Thursday, 20 January 2022

The Never-ending Challenge of Gulls!

I made the most of my day off of school on Tuesday by going to Beddington Farmlands. I did not expect anything too much but I was looking forward to scanning the gulls as always. It was one of those days where there were plenty of gulls about, but there just seemed to be not many 'interesting' ones within them. A regularly seen Caspian Gull was surprisingly the only one about, with no sign of the usual 2nd winter, and an adult Northern Herring Gull was also present on 100 Acre. Overall, the day was quiet. Not much else was happening: the lakes were frozen and that had dramatically reduced the number of wildfowl, plus there was little activity of smaller birds and no larger raptors. But then rather suddenly, Dave Warren shouted, "Zach, this gull has yellow legs!" Instantly I was revived with some excitement that there was actually something decent out there. I quickly got onto Dave's bird and I was pleased to see that the mantle was darker than the surrounding Herring Gulls, but not as dark as a Lesser Black-backed Gull (LBBG). Did we finally have the first Yellow-legged Gull (Larus michahellis) of the year for the Farmlands? Being an adult made it all the more exciting as they are known to be less frequent at Beddington than younger birds, and I saw it as a perfect opportunity to study its different features. Dave and I started to get several hundred pictures of the bird so that we got every angle necessary. I was cautious to call it as a definite adult michahellis at first. I was aware of the potential of a hybrid and also the occurrence of yellow-legged omissus Herring Gulls. However, I was not aware of the frequency of omissus Herring Gulls in the UK but I did presume they were scarcer than michahellis, which I now know is the case. Multiple pics of the bird in question here:

Dark mantle, clean white head, red orbital ring, and yellow legs

For comparison of mantle colour with Herring Gull (left)

A quick glimpse of the primary pattern - a black band on p5!

A better view of p5 - band nice and broad but broken at shaft

From further away, detail of p5 band is lost and looks perfect for michahellis

p10 with complete subterminal band separating the small mirror from the white primary tip, no p9 mirror, extensive black on p8, absence of white tongue tips on p6 and 7, and slightly broken broad p5 band - all fine for michahellis

Short pale tongue on p10

Interesting black marks on secondaries

Overall, and after much debate and input from others, I am sticking with my decision to call this a michahellis from the views I had in the field. Reviewing the pictures, I am happy to rule out omissus Herring Gull based on the fact that this bird has both a subterminal band on p10 (mentioned above) and a broad band on p5. It is very likely that omissus would either have no p10 subterminal band, very limited black on p5, or both. As for hybrids, the most likely and therefore  the one considered was Herring x LBBG, but as every feature is within variation for a Yellow-legged Gull, the possibility of a hybrid should not be stressed and it would be very hard to prove anyways.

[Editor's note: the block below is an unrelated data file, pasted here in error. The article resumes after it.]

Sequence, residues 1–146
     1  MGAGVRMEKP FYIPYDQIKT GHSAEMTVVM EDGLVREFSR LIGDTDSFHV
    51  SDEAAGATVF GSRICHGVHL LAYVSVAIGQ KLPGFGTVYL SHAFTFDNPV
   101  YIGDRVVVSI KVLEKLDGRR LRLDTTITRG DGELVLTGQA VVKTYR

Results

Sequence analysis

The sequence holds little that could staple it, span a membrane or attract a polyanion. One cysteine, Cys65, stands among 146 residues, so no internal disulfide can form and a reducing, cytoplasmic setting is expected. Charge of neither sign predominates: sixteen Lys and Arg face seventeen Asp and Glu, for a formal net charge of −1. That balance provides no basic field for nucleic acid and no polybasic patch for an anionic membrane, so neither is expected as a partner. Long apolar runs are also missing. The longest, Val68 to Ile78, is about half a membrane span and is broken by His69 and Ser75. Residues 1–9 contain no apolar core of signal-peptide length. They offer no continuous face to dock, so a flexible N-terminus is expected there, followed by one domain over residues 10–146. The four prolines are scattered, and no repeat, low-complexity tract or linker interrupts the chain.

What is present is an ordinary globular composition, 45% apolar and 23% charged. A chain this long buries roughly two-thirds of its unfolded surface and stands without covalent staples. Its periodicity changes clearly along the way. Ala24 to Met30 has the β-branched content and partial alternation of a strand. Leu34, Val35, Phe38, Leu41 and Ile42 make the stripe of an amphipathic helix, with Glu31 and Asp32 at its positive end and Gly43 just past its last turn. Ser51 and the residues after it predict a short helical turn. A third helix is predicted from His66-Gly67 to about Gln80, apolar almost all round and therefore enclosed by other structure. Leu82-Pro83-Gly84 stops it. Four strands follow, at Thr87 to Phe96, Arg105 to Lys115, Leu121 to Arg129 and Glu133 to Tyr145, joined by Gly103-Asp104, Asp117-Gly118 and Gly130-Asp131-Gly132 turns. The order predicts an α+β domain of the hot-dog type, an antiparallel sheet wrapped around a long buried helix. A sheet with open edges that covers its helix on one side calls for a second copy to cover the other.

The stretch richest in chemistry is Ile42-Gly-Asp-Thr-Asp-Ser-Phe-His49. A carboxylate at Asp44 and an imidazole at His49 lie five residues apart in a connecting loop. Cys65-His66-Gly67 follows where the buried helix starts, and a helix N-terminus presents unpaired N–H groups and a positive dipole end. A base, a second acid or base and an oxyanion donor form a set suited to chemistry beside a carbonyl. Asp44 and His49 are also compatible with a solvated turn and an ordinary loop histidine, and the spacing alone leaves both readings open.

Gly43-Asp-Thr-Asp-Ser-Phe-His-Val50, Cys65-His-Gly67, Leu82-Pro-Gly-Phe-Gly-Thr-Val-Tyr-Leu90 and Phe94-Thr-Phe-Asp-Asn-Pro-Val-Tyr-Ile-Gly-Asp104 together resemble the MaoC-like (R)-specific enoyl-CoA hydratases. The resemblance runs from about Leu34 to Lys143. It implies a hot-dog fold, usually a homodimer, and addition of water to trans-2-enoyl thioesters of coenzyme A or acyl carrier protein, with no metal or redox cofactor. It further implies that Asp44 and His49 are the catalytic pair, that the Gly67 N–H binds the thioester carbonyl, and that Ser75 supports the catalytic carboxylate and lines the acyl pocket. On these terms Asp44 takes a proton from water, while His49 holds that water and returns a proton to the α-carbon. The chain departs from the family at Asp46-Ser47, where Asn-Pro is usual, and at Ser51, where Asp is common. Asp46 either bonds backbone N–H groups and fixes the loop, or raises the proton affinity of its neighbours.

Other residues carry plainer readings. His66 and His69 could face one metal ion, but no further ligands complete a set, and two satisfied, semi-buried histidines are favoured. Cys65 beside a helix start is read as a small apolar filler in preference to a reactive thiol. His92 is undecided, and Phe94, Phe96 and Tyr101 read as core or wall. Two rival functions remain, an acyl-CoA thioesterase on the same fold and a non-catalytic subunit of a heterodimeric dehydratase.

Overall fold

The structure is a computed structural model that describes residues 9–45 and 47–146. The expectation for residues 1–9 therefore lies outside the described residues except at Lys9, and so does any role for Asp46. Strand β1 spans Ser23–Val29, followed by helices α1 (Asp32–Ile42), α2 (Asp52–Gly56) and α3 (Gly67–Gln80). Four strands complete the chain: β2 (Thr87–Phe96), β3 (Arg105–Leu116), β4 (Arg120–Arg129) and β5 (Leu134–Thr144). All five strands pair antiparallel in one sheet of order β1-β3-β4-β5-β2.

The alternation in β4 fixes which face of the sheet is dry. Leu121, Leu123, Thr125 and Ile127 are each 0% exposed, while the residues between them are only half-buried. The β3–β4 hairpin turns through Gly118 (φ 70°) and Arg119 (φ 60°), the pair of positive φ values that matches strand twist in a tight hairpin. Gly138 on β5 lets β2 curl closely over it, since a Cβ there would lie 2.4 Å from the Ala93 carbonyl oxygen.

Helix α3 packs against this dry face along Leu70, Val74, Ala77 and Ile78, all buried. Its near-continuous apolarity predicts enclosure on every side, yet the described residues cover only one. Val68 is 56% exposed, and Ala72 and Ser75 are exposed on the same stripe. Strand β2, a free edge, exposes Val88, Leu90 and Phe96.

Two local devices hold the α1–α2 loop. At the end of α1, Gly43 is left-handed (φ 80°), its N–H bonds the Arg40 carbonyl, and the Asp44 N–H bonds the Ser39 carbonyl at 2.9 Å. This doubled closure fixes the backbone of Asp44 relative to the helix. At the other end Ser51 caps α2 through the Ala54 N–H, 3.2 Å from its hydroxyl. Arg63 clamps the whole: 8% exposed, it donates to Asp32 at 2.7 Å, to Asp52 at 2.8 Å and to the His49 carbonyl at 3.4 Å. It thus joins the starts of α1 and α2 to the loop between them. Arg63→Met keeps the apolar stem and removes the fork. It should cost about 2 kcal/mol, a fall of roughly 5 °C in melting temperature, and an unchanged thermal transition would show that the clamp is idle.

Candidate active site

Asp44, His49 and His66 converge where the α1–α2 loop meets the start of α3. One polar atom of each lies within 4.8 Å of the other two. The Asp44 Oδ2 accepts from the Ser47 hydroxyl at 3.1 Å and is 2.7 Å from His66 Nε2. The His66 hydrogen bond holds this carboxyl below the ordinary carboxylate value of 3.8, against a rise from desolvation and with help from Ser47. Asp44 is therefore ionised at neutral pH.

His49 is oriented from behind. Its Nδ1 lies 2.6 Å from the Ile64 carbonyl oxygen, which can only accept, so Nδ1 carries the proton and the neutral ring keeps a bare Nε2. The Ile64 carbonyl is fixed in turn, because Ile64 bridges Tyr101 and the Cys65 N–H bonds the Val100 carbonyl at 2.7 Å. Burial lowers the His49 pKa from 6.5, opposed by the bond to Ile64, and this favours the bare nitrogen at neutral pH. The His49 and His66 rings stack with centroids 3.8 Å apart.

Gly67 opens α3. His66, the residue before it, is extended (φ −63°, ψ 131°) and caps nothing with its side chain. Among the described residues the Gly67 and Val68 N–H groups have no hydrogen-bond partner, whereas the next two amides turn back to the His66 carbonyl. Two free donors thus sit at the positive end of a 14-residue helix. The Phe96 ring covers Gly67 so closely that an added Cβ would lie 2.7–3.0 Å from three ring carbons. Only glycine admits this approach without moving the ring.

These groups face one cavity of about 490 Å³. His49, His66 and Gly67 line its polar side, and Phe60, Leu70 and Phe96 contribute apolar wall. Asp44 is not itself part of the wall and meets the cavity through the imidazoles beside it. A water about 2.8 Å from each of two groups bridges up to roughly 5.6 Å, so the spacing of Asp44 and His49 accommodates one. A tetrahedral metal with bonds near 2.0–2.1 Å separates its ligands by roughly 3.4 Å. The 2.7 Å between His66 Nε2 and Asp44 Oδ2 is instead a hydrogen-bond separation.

Sunday, 16 January 2022

Snaresbrook and Wanstead Flats

Yesterday I decided to go to Snaresbrook for the adult Caspian Gull that has regularly been seen on Eagle Pond. I have seen plenty of Caspian Gulls at Beddington but I have never seen anything older than 2nd winters so I thought it was a good opportunity to go and study this individual and get some physical experience with their adult plumage. When I arrived early morning it was unfortunately quite foggy, so I decided to walk over to Hollow Pond and see what was over there. The fog just started to lift after I had had a thorough look around Hollow Pond but I decided to head off to Wanstead Flats to look at the 1,200+ Common Gulls there, with the intentions of heading back for the Casp in the afternoon. Anyone that has heard me talk about Common Gulls will know how much I've always wanted to see a Russian Common Gull (Larus canus heinei) or at least find a decent candidate. I knew that this was by far the best chance I had ever had to study the variation in nominate canus and pick out any heinei candidates. I ended up spending a total of 3hrs and 20mins at Wanstead as I got a bit carried away. Whilst this was great as it made me happy I had given it a good go, it did unfortunately mean I had cut it rather fine in terms of time to get back for the Caspian Gull at Eagle Pond. It had started to get dark as I arrived back at Eagle Pond and I just got on a large gull in the far corner of the pond as it then flew off. It was it! How frustrating! It was nowhere near the views I was hoping for, but it was good to see how noticeable the large white mirrors are on p10. I have put it on Ebird but I am by no means taking it as my first ever adult Caspian Gull. I guess that just means I will really have to try and find one at Beddington. Ebird trip report here and my favourite pics below:

Hollow Pond:

Black Swan above and below. A nice surprise and sound recorded too

Great Crested Grebe (not that frequent at Beddington so always good to see)

Adult Common Gull (canus) - large white mirrors on p9 and p10, grey base on p8, obvious white tongue tip on p7, incomplete band on p5 and broad white trailing edge on secondaries

My first Nuthatch of the year. I promise this photo is not upside down - just the bird!

Lesser Redpoll - a group of 6 were my first of the year

Wanstead Flats: